When you're pregnant, your body acts as an incubator for your growing baby. In return, your baby offers a source of heating for your body. This can be great in the winter months, but can make things very uncomfortable in summer, especially in your second and third trimesters. Here are some tips for keeping cool and comfortable when you have a little furnace inside you!
You need extra fluids to keep baby, and yourself, healthy, and this is especially important when the weather is hot. Drink plenty of water, and try to avoid caffeine which can be dehydrating.
CHOOSE COOL, LIGHT CLOTHING
Natural fabrics, such as cotton, are cooler as they breathe better than synthetic fabrics. Loose clothing is often cooler than fitted clothing. Lava-lavas or sarongs are great - comfortable and cool.
Don't overheat your body, as this places stress on your baby. Avoid sitting in the sun for long periods of time. Stay in the shade where possible, and try to avoid hot, stuffy rooms and cars. Also, midwives recommend that pregnant women should not sit in hot spa pools for long periods of time because of the risk of overheating.
LOOK OUT FOR SWELLING
Look out for swelling. In hot weather, it is normal for feet and hands to swell a little, particularly when you are pregnant. Swelling may ease by elevating your feet, or soaking hands and feet in cool water. However, excessive swelling may be one of the first signs of pre-eclampsia, a potentially dangerous illness. If you are concerned about swelling in your arms, hands, feet and legs, speak to your LMC immediately.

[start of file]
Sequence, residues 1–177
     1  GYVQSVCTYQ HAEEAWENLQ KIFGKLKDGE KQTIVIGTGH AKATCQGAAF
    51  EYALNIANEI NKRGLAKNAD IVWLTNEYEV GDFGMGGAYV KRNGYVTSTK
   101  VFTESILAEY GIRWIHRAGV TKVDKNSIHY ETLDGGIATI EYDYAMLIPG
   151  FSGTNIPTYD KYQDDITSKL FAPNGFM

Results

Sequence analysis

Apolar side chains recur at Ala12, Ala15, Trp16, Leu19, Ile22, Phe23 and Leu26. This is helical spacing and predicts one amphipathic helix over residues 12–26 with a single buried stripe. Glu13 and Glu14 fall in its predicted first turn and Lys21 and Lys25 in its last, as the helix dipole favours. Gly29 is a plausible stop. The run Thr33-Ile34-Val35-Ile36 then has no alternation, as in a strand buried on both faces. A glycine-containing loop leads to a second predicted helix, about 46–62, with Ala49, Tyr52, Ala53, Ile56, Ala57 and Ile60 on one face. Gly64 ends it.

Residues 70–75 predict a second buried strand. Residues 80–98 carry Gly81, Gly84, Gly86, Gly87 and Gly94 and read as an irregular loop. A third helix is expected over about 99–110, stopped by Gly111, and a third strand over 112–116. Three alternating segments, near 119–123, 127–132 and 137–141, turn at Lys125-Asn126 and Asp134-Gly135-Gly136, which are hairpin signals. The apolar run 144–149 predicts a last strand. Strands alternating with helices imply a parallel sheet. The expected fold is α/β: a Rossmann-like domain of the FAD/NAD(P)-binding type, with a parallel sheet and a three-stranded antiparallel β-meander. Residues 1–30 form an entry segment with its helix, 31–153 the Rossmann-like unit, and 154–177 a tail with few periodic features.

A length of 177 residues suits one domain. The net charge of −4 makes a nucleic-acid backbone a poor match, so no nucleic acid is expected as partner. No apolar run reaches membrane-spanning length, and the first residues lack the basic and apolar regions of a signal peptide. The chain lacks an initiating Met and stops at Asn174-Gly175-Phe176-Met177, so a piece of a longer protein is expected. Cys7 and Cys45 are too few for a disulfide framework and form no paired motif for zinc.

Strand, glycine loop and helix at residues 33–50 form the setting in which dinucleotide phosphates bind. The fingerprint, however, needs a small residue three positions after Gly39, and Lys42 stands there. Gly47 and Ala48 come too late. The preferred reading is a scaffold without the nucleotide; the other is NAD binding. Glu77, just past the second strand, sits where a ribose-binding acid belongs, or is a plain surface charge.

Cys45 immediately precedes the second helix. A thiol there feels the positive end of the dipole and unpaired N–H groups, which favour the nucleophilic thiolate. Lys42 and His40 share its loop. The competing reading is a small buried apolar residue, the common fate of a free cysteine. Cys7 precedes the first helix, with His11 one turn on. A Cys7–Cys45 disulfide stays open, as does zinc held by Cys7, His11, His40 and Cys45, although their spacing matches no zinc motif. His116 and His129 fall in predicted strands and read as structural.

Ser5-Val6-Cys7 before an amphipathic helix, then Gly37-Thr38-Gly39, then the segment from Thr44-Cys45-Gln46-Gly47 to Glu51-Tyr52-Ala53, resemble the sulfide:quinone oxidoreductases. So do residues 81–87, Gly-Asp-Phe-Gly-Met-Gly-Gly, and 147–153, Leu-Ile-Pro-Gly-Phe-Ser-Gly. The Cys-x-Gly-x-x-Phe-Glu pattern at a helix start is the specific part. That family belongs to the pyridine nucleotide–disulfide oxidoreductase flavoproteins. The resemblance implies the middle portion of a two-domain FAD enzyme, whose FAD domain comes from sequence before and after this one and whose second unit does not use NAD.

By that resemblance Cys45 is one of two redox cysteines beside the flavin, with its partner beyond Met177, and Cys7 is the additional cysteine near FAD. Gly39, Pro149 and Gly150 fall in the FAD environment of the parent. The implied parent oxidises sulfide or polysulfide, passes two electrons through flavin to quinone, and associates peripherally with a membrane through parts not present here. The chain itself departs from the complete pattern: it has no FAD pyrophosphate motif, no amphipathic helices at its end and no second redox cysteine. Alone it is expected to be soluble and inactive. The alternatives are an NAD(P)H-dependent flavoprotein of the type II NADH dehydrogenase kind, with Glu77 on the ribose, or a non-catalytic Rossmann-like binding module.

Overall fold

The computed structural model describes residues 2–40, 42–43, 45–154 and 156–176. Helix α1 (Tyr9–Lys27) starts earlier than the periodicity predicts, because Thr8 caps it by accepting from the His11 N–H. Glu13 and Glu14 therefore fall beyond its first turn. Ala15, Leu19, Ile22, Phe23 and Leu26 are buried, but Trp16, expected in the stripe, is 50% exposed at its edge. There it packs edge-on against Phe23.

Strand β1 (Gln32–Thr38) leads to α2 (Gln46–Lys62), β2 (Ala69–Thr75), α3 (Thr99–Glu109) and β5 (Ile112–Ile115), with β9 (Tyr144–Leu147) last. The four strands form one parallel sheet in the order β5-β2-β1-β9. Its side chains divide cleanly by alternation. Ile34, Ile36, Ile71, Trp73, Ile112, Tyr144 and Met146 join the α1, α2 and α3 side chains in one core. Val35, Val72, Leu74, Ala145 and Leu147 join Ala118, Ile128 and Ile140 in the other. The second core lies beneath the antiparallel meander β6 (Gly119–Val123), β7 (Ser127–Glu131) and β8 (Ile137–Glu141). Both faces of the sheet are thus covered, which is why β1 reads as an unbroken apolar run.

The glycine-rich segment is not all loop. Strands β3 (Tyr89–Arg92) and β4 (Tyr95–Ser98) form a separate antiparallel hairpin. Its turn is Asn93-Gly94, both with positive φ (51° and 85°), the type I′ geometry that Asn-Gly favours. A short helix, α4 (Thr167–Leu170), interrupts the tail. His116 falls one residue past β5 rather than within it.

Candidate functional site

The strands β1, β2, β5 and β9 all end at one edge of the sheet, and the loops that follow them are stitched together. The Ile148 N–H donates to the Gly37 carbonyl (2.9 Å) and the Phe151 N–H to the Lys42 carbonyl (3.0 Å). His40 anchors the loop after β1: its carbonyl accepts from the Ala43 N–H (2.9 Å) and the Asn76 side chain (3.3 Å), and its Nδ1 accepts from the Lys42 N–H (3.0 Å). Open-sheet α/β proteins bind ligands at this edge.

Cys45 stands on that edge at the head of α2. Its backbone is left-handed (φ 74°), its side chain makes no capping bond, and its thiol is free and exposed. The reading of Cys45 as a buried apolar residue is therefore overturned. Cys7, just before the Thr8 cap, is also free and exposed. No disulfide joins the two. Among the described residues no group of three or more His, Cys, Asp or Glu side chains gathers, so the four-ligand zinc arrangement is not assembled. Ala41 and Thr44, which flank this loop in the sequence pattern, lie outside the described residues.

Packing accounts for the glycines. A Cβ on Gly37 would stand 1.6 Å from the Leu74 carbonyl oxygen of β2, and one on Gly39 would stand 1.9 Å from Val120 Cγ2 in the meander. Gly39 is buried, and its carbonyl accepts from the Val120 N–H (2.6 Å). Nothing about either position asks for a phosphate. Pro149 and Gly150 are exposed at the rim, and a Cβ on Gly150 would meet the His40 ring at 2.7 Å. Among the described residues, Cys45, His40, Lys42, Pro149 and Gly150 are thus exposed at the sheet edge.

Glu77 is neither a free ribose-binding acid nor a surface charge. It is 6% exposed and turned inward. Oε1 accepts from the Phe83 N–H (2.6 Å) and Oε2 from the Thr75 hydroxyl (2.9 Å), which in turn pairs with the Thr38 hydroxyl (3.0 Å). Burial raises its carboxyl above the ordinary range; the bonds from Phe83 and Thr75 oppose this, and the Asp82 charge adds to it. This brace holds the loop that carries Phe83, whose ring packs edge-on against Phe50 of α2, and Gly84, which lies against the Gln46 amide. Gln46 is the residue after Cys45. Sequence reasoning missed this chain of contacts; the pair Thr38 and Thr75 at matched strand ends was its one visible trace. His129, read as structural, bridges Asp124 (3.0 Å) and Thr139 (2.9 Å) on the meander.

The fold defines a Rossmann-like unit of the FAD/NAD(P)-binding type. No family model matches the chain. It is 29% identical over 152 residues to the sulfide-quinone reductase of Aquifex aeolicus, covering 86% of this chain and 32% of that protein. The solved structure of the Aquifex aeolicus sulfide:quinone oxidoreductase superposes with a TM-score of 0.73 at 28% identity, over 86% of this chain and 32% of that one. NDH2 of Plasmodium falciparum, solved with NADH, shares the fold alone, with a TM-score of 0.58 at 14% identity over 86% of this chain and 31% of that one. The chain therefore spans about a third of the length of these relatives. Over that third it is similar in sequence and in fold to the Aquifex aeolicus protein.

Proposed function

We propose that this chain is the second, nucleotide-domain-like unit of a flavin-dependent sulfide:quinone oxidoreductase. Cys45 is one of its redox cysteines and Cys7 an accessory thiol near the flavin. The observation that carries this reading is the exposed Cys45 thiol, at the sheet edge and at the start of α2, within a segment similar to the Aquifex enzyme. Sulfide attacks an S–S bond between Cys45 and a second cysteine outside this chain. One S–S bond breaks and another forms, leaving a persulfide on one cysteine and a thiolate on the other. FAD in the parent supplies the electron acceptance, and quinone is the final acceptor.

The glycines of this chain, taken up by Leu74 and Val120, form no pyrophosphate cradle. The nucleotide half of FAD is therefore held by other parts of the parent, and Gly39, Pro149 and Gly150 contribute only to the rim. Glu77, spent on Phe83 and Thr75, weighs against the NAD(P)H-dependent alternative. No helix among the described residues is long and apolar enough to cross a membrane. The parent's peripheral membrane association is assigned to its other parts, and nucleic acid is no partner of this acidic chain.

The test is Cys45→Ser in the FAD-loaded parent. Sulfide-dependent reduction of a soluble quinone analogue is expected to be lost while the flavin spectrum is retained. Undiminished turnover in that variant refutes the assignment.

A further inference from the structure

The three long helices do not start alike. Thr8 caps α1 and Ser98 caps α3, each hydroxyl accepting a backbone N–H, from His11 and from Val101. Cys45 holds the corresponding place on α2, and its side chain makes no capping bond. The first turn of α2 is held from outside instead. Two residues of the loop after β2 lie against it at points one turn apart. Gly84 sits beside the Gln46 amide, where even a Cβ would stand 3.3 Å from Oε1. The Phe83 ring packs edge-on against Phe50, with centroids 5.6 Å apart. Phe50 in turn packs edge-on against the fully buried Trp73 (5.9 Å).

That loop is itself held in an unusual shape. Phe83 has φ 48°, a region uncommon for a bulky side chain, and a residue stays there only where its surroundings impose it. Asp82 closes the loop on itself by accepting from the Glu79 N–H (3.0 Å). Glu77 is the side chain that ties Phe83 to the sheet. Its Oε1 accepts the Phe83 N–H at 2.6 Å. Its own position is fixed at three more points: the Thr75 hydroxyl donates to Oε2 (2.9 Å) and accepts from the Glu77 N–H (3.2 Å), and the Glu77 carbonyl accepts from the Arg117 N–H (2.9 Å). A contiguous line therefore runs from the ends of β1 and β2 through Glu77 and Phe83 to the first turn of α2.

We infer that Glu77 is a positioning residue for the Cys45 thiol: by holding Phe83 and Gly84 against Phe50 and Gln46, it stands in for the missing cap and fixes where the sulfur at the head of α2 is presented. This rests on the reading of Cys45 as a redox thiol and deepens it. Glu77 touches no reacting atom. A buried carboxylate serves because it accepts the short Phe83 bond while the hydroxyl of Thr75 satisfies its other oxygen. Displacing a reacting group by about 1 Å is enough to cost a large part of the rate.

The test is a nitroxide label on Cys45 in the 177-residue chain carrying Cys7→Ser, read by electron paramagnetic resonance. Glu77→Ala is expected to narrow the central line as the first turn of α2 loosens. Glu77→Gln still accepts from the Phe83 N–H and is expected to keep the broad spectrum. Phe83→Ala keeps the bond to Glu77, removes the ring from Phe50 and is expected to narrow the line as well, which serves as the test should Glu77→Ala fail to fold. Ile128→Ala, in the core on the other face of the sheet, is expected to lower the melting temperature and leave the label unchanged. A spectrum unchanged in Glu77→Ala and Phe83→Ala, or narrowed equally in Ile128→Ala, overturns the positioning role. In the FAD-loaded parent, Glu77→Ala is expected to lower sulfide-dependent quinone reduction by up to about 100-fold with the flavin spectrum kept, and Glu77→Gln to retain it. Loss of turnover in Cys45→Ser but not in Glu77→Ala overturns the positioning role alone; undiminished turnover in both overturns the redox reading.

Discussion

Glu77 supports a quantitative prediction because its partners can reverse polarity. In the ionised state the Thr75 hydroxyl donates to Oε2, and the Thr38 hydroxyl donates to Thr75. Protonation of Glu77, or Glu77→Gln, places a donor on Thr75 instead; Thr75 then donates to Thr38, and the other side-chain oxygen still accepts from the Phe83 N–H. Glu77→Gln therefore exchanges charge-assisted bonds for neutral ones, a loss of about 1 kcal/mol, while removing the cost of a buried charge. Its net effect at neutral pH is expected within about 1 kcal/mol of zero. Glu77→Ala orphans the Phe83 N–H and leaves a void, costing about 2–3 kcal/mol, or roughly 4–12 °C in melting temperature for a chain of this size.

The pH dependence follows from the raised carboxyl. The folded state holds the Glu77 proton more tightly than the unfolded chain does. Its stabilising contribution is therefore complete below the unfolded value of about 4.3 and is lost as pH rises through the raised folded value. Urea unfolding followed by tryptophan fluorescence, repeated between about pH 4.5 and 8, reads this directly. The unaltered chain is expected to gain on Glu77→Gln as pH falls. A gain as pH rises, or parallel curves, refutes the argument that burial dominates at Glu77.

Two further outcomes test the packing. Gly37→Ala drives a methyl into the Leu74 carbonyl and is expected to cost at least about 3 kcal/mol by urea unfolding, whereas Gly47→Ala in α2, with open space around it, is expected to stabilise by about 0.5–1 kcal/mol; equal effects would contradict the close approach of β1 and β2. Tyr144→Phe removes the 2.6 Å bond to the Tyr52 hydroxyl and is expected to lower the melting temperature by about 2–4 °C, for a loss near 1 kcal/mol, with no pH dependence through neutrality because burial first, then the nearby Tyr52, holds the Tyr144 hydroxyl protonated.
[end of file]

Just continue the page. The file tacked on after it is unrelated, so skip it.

Some foods may contain bacteria that could harm your unborn baby. Ham, precooked meats and soft cheeses may contain listeria, and undercooked chicken or eggs may contain salmonella, both of which can cause miscarriage or stillbirth. In the summer, it is important to be particularly vigilant, as summer BBQ's often mean food left out of the fridge for long periods, and bacteria love to breed in the warmer weather. Avoid pre-prepared salads; try to eat only freshly prepared food. Also, if you are eating leftover meat, reheat it until it is piping hot to kill any bacteria.
MOST IMPORTANTLY, GET PLENTY OF REST
Pregnancy is tiring, and, when combined with the summer heat, can leave you feeling exhausted. Try to rest as often as possible; an afternoon nap can be very reviving. If you're working, try to take frequent breaks, and sit with your feet up where possible - hopefully your colleagues will understand!